So, same as last year, I picked up a box of the latest core set from Magic, because while Throne of Eldarine looks very pretty, I can’t say I’ve seen enough to draw me in past the hydra-turtles. Usually for me that’d be enough, but finances are what they are.
M20 has a very particular theme. Actually it has several, elementals, goblins, birds, wolves, knights, the recurring leylines and cavaliers, a conspicuous return of Theros favourites and temple-lands, and a definite lean towards the commander format, all shine through in the setlist, but there’s a bias here that’s impossible to ignore, especially when you reach the list of red cards.
While each colour has a Planeswalker to represent it, red has three, all of whom are Chandra Nalaar at varying stages of her rise to power. Four of her key spells immediately follow in the set list, and much like with the return of the Theros cards, it rather feels like a nod to Magic’s future, as the upcoming TV series by the Russo brothers is expected to be heavily centred on the pyromancer.
Here was my first draw:
Unusual to grab a land as your first card, but scrying is a useful mechanic no matter the deck, and it does set the colours for my deck… so I was hoping. Unfortunately both of my opponents were keen on white and black, seemingly both throwing in a healthy dose of green just to scupper me. No one went blue… at all, until I started coming up with some beguiling options:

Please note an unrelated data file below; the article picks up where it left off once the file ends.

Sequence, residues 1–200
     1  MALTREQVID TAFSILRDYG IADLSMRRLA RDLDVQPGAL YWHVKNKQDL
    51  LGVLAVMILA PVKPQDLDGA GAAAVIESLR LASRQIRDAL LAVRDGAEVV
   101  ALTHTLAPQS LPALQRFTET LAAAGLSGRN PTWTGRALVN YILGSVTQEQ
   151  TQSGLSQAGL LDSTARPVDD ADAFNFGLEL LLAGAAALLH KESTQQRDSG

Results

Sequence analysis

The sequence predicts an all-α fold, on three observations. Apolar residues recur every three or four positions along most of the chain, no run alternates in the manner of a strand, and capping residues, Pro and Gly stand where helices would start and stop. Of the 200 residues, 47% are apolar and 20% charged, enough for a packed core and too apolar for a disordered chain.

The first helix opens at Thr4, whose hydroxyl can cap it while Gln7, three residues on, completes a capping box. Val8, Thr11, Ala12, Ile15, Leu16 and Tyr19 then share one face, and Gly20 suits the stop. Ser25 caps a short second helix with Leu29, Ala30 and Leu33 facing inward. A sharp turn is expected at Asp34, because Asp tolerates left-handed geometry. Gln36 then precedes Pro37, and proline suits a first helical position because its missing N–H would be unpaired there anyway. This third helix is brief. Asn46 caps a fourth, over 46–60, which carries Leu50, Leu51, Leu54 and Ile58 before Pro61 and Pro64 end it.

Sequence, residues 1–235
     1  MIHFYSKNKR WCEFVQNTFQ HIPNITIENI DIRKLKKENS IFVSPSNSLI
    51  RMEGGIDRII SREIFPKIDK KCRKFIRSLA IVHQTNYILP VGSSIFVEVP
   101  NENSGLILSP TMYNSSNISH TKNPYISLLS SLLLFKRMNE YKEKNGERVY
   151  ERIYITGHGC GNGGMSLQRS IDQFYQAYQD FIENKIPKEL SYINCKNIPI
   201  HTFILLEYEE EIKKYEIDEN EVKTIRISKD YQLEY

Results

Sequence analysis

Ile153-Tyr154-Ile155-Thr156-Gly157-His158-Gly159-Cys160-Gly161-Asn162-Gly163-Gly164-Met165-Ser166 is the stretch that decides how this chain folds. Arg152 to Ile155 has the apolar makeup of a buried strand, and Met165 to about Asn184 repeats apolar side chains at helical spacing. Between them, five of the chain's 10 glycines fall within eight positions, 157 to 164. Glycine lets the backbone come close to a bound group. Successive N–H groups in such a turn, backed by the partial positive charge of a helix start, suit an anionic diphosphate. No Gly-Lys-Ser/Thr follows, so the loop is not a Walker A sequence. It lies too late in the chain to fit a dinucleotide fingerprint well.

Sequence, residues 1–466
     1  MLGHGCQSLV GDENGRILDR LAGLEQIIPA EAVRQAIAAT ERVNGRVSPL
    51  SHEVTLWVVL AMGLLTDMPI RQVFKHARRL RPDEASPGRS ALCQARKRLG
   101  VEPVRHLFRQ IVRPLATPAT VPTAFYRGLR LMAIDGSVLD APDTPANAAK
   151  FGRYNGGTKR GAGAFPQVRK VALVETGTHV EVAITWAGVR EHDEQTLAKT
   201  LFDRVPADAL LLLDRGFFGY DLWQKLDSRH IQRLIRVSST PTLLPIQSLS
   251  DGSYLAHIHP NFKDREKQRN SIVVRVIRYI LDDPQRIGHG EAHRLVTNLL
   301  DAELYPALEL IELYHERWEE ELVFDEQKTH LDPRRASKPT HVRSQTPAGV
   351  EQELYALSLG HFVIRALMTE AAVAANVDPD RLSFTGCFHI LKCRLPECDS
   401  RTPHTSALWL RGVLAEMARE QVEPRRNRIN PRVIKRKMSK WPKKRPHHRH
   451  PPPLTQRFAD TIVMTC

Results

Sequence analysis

Ok, so I guess I’m building an elemental-heavy deck, I’ll put these with a collection of my red picks, heavy on the goblins to supplement the goblin deck I’ve been assembling. Surprisingly it wasn’t too difficult to assemble a synergistic draft based on the Temur colours: red/blue/green, and something that does what those colours do well. The deck I ended with filled the ground with creatures that support and feed off one another.
Lavakin Brawlers make the Creeping Trailblazer far more daunting, Scorch Spitter and Scampering Scorchers make it cheap and easy to bulk up the bonuses on each, and having drawn a Ripscale Predator and some goblins, it wasn’t too hard to make a rather daunting red-heavy deck, with green and blue supporting heavily.